Writing

Valentine for Ernest Mann

Although Valentine’s Day is not one of my favorite holidays (find out why here), this piece by Naomi Shihab Nye is one of my favorite poems. I would like to share it with you because I think it speaks to us no matter where we fall on the relationship spectrum. Please take a moment to read it–you will never look at skunks the same way again.

Valentine for Ernest Mann

You can’t order a poem like you order a taco.
Walk up to the counter, say, “I’ll take two”
and expect it to be handed back to you
on a shiny plate.

Still, I like your spirit.
Anyone who says, “Here’s my address,
write me a poem,” deserves something in reply.
So I’ll tell you a secret instead:
poems hide. In the bottoms of our shoes,
they are sleeping. They are the shadows
drifting across our ceilings the moment
before we wake up. What we have to do
is live in a way that lets us find them.

Once I knew a man who gave his wife
two skunks for a valentine.
He couldn’t understand why she was crying.
“I thought they had such beautiful eyes.”
And he was serious. He was a serious man
who lived in a serious way. Nothing was ugly
just because the world said so. He really
liked those skunks. So, he re-invented them
as valentines and they became beautiful.
At least, to him. And the poems that had been hiding
in the eyes of skunks for centuries
crawled out and curled up at his feet.

Maybe if we re-invent whatever our lives give us
we find poems. Check your garage, the odd sock
in your drawer, the person you almost like, but not quite.
And let me know.

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THE BEST THING I LEARNED IN 2013

This is my first ALL CAPS title. I’m that excited. It’s THAT important. I want to share with you the best piece of advice I received this past year. It’s actually part of a philosophy called Stoicism.

Still here? Good. Don’t be scared. Like many people, I want to be wise. I seek knowledge. I crave understanding and acceptance. Every year, I try new things to fulfill these goals. This year, I tried to meditate, but found that I would only fall asleep. It was like taking a ten minute nap sitting cross-legged on the floor. Even my butt fell asleep. Meditation was not going to get me there.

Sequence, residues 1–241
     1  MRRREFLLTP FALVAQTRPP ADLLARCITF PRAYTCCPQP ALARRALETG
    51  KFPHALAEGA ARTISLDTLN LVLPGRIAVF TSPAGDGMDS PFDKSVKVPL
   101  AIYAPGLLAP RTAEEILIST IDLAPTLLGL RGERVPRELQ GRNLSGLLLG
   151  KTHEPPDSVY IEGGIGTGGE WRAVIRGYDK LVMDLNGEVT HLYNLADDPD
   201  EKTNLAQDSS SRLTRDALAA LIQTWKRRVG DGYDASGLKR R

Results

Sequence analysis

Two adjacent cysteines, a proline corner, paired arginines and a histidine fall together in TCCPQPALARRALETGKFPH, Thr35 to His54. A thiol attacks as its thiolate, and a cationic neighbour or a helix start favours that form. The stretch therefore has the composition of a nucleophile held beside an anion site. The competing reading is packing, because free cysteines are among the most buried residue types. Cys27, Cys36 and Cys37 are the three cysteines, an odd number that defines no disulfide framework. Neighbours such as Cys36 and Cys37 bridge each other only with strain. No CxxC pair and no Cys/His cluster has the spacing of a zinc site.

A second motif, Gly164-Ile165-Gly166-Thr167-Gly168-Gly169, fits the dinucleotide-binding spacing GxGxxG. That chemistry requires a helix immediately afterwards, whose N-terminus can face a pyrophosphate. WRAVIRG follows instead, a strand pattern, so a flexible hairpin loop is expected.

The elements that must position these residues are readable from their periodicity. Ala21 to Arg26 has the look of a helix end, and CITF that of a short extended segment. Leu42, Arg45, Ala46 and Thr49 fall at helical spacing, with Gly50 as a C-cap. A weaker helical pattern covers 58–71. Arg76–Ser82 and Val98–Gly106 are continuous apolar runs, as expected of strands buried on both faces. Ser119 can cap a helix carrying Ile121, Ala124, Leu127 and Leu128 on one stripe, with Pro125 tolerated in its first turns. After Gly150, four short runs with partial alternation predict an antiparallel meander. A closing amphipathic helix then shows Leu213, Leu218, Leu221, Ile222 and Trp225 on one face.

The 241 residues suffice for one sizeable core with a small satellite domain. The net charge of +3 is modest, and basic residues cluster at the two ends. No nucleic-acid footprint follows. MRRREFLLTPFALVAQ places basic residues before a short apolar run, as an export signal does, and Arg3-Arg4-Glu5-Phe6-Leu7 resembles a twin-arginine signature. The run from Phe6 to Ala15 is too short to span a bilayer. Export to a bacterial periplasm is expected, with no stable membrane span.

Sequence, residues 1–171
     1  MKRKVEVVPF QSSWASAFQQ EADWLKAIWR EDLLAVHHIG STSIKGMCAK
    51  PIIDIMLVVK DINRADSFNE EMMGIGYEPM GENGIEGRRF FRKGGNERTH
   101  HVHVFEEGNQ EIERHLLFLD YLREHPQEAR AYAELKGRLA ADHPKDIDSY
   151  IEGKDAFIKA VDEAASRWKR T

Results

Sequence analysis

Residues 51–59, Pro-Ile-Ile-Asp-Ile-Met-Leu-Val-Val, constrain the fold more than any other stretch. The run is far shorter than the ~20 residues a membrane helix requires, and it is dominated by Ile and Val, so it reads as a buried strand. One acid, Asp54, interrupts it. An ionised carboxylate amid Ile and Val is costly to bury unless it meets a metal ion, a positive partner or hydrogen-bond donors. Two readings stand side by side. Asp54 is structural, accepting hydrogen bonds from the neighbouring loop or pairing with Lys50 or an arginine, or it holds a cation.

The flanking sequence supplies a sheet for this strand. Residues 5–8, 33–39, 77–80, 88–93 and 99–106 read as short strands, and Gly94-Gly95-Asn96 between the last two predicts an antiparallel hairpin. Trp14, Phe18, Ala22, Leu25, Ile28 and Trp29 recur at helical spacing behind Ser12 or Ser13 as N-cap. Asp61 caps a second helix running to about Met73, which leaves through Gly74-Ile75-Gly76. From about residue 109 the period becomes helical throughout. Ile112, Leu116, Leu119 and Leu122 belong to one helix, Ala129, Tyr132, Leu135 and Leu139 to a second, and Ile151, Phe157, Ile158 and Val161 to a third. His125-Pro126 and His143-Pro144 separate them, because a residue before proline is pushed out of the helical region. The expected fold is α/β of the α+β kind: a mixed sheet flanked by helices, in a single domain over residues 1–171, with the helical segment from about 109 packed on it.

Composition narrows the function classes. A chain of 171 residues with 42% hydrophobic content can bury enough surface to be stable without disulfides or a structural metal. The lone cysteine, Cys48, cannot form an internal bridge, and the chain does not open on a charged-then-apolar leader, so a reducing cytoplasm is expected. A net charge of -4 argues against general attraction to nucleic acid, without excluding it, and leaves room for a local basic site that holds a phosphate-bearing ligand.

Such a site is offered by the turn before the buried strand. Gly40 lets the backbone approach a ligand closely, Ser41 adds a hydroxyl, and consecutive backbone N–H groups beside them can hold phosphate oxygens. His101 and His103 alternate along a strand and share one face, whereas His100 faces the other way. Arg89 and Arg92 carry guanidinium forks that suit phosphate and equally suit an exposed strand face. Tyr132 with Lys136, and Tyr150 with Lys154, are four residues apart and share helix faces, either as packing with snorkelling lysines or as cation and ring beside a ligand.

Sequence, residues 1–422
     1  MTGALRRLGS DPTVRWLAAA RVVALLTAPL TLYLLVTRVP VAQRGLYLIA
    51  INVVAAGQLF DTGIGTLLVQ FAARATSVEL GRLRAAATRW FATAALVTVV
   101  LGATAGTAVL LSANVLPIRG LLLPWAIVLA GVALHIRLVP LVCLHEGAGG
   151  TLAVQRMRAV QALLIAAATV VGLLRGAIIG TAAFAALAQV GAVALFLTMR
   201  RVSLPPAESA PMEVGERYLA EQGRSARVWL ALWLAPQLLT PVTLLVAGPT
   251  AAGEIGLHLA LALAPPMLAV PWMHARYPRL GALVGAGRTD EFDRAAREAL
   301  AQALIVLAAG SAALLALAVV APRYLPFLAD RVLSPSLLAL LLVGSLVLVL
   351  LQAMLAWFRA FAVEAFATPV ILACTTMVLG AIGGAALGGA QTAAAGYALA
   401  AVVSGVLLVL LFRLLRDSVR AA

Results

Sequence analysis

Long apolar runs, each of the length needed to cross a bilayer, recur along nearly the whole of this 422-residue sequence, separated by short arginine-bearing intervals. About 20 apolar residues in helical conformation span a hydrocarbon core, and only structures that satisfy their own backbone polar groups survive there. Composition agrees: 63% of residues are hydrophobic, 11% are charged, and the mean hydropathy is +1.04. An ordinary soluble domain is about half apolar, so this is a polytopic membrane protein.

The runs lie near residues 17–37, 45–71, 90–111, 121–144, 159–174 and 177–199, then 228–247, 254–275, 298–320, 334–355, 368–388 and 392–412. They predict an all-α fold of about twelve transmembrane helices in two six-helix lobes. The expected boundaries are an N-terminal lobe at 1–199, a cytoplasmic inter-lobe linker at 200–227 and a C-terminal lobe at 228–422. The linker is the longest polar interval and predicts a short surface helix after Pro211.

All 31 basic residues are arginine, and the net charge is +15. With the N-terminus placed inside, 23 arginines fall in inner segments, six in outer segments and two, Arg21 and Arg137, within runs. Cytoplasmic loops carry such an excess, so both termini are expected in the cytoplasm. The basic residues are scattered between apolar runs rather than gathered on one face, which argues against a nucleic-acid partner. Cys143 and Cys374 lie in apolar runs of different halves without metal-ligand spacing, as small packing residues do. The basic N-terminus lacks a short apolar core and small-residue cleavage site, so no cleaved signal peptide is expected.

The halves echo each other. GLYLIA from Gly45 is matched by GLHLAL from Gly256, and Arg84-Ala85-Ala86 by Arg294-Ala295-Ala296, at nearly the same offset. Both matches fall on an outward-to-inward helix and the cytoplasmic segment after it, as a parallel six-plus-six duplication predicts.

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I bought some books in September. I thought I’d begin everyday of the school year with an inspirational poem or thought-provoking essay–short, to the point. I bought A Year with Rumi: Daily Readings, by Coleman Barks. My friend Michele over at The Everyday Strange and Sacred (check out her awesome blog here) peaked my interest in Rumi. Very cool poet. He died in 1273, but his words are of all time. As I was finding the right book of Rumi, Amazon led me to the People who bought Rumi also bought…which led me to A Guide to the Good Life {the ancient art of stoic joy}, by William B. Irvine. I was looking for the good life–I knew I needed a guide. Yet, I was intimidated by the word “stoic”. Stoic seemed cold, steely, detached. But once I checked out the inside jacket cover, I was hooked. It read:

One of the great fears that many of us face is that, despite all our effort and striving, we will discover at the end that we have wasted our life…William B. Irvine plumbs the wisdom of Stoic philosophy, one of the most successful and popular schools of thought in ancient Rome, and shows how its insight and advice are still remarkably applicable to modern lives…Using the psychological insights and the practical techniques of the Stoics, Irvine offers a road map for anyone seeking to avoid the feelings of chronic dissatisfaction that plague so many of us.

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The two books arrived together, and I spent the first few months of the school year trying to begin each day with Rumi and the Stoics (sounds like a cool band name). Like most things, my morning routine faltered, and my reading was replaced with hitting snooze seven more times, or making lunches for the boys, or–you get the gist. But as I look back on 2013, and I take stock in the year that was, I keep returning to the greatest insight I have gained this year, in fact in the past few years. It’s that good.

One autumn morning, as the sun turned our kitchen a golden orange, I was reading about stoic joy–I know it sounds like an oxymoron, but it isn’t. I came across the following: “In my research on desire, I discovered nearly unanimous agreement among thoughtful people  that we are unlikely to have a good and meaningful life unless we can overcome our insatiability…One wonderful way to tame our tendency to always want more is to persuade ourselves to WANT THE THINGS WE ALREADY HAVE.